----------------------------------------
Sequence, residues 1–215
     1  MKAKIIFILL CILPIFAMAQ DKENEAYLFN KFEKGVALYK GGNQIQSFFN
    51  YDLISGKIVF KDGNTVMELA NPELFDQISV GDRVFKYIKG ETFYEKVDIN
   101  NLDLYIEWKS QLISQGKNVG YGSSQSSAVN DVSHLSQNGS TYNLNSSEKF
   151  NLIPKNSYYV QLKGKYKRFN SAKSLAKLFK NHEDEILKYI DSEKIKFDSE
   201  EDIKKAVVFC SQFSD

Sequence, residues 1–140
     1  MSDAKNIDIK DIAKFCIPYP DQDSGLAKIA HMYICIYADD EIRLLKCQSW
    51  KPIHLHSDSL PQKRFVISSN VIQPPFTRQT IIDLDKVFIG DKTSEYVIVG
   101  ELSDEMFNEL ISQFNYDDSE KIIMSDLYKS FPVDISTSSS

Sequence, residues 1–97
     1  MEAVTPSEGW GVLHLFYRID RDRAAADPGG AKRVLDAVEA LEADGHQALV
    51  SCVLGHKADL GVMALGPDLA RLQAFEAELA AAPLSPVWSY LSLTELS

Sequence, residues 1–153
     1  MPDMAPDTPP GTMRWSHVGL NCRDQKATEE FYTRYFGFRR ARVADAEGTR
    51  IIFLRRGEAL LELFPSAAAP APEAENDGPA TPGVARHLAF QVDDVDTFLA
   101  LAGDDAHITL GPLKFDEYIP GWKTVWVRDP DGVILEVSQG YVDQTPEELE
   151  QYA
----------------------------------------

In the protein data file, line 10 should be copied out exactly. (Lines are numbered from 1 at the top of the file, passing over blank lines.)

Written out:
   101  ELSDEMFNEL ISQFNYDDSE KIIMSDLYKS FPVDISTSSS